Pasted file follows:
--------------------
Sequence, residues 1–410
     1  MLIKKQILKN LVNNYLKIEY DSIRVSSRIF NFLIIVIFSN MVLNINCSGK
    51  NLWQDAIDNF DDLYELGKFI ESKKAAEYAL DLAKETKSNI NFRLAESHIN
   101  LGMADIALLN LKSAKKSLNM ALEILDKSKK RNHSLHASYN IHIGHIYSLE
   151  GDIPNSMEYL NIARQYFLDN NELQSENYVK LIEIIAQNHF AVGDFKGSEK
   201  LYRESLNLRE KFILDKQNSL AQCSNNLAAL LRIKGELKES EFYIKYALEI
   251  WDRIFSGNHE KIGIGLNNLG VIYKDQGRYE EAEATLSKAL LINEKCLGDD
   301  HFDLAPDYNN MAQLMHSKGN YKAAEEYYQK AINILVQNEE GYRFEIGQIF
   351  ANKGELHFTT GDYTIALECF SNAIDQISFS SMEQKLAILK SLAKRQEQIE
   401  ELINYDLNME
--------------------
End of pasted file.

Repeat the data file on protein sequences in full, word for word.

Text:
Sequence, residues 1–410
     1  MLIKKQILKN LVNNYLKIEY DSIRVSSRIF NFLIIVIFSN MVLNINCSGK
    51  NLWQDAIDNF DDLYELGKFI ESKKAAEYAL DLAKETKSNI NFRLAESHIN
   101  LGMADIALLN LKSAKKSLNM ALEILDKSKK RNHSLHASYN IHIGHIYSLE
   151  GDIPNSMEYL NIARQYFLDN NELQSENYVK LIEIIAQNHF AVGDFKGSEK
   201  LYRESLNLRE KFILDKQNSL AQCSNNLAAL LRIKGELKES EFYIKYALEI
   251  WDRIFSGNHE KIGIGLNNLG VIYKDQGRYE EAEATLSKAL LINEKCLGDD
   301  HFDLAPDYNN MAQLMHSKGN YKAAEEYYQK AINILVQNEE GYRFEIGQIF
   351  ANKGELHFTT GDYTIALECF SNAIDQISFS SMEQKLAILK SLAKRQEQIE
   401  ELINYDLNME